A 17-year-old Jewish-British boy who was shot for desertion during the First World War was set to receive a posthumous pardon.
Despite earning a good reputation during seven months of fighting in the trenches of France, having enlisted aged just 15, Adrian Bevistein was court-martialled and shot after going absent without leave and then refusing to return to the trenches.
A month earlier, the teenager, who assumed a false name and age in order to enlist, spent at least two weeks in hospital after suffering a back injury and shock in an explosion.
But in a move welcomed by The Shot at Dawn Pardons campaign, the government said it would seek parliamentary approval to pardon more than 300 soldiers executed for military offences including cowardice and desertion. It is believed that many of the executed had been suffering from trauma.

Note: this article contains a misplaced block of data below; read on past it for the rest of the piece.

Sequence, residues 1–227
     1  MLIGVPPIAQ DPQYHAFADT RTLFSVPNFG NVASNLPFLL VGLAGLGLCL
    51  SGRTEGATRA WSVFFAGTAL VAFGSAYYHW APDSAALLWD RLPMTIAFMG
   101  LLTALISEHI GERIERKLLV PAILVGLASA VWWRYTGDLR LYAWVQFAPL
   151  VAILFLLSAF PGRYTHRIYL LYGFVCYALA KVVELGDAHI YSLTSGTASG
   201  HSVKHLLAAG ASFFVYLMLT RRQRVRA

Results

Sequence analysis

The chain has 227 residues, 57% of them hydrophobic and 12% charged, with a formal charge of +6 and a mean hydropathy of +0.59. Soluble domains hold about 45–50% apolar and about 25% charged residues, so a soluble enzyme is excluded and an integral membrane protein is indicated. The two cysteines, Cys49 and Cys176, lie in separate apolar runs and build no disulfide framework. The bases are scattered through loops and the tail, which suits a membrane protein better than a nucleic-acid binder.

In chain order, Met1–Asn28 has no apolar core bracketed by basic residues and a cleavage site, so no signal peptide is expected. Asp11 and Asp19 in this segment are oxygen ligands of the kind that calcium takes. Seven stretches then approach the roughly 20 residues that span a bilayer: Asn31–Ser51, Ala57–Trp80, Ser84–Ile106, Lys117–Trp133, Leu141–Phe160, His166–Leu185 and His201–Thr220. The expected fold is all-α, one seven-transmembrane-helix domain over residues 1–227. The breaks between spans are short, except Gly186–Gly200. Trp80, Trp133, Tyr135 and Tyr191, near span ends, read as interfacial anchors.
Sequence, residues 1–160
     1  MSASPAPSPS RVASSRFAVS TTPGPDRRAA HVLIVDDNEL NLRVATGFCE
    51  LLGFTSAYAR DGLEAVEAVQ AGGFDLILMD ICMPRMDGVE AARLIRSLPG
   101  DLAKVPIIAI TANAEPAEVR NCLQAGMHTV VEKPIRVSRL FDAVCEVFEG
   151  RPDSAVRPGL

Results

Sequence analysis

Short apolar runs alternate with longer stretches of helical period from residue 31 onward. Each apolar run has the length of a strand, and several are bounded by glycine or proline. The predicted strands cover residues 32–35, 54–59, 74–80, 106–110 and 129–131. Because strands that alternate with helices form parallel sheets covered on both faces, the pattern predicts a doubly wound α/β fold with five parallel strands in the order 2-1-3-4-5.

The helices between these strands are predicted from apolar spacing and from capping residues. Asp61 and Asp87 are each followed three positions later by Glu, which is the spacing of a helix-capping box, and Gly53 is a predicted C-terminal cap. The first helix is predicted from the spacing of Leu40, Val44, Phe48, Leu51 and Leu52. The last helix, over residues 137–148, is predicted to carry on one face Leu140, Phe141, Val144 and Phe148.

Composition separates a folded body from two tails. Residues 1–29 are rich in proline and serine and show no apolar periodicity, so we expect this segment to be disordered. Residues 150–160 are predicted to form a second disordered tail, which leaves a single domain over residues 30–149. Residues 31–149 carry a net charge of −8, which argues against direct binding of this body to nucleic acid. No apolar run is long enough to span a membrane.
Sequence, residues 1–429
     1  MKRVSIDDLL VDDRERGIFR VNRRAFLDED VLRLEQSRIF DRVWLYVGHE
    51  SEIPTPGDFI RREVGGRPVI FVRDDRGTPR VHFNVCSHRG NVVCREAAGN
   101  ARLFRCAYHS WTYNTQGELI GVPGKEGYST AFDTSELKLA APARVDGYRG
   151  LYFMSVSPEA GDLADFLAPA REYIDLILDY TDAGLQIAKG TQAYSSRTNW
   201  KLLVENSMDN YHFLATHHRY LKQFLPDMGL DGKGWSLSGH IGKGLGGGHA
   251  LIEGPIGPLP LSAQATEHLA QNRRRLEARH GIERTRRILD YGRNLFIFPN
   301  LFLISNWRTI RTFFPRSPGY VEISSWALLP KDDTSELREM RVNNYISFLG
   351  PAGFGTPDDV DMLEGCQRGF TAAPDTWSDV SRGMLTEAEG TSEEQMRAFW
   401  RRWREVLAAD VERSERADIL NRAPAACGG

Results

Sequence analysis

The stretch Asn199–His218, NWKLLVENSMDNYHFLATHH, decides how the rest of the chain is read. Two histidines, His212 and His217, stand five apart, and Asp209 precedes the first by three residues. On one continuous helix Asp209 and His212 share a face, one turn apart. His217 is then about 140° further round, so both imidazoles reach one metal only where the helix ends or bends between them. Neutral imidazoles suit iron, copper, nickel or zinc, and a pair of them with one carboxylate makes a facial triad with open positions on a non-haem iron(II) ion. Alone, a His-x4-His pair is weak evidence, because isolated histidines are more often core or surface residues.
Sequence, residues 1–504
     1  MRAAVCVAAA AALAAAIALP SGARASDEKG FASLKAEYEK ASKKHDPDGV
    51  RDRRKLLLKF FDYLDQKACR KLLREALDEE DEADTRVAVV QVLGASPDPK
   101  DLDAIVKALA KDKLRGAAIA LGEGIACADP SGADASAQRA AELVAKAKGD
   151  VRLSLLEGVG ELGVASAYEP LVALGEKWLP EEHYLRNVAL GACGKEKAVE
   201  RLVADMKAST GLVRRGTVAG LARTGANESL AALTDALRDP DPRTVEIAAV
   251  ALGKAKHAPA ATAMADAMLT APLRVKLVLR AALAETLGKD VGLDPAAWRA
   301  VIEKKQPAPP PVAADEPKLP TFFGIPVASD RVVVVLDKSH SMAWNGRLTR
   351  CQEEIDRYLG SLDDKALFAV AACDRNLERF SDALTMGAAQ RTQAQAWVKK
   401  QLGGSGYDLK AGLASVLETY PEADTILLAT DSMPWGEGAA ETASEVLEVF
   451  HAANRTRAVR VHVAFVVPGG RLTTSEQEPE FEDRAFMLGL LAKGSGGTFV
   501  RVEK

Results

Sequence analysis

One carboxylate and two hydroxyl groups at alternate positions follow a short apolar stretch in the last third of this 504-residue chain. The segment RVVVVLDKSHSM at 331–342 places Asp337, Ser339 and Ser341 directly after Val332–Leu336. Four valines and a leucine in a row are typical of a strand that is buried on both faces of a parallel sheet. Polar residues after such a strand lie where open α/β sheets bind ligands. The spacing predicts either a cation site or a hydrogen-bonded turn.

Defense Secretary Des Browne said: “After 90 years, the evidence just doesn’t exist to assess all the cases individually. I do not want to second guess the decisions made by commanders in the field, who were doing their best to apply the rules and standards of the time.
"But the circumstances were terrible, and I believe it is better to acknowledge that injustices were clearly done in some cases, even if we cannot say which – and to acknowledge that all these men were victims of war."
Reprinted with permission of Totally Jewish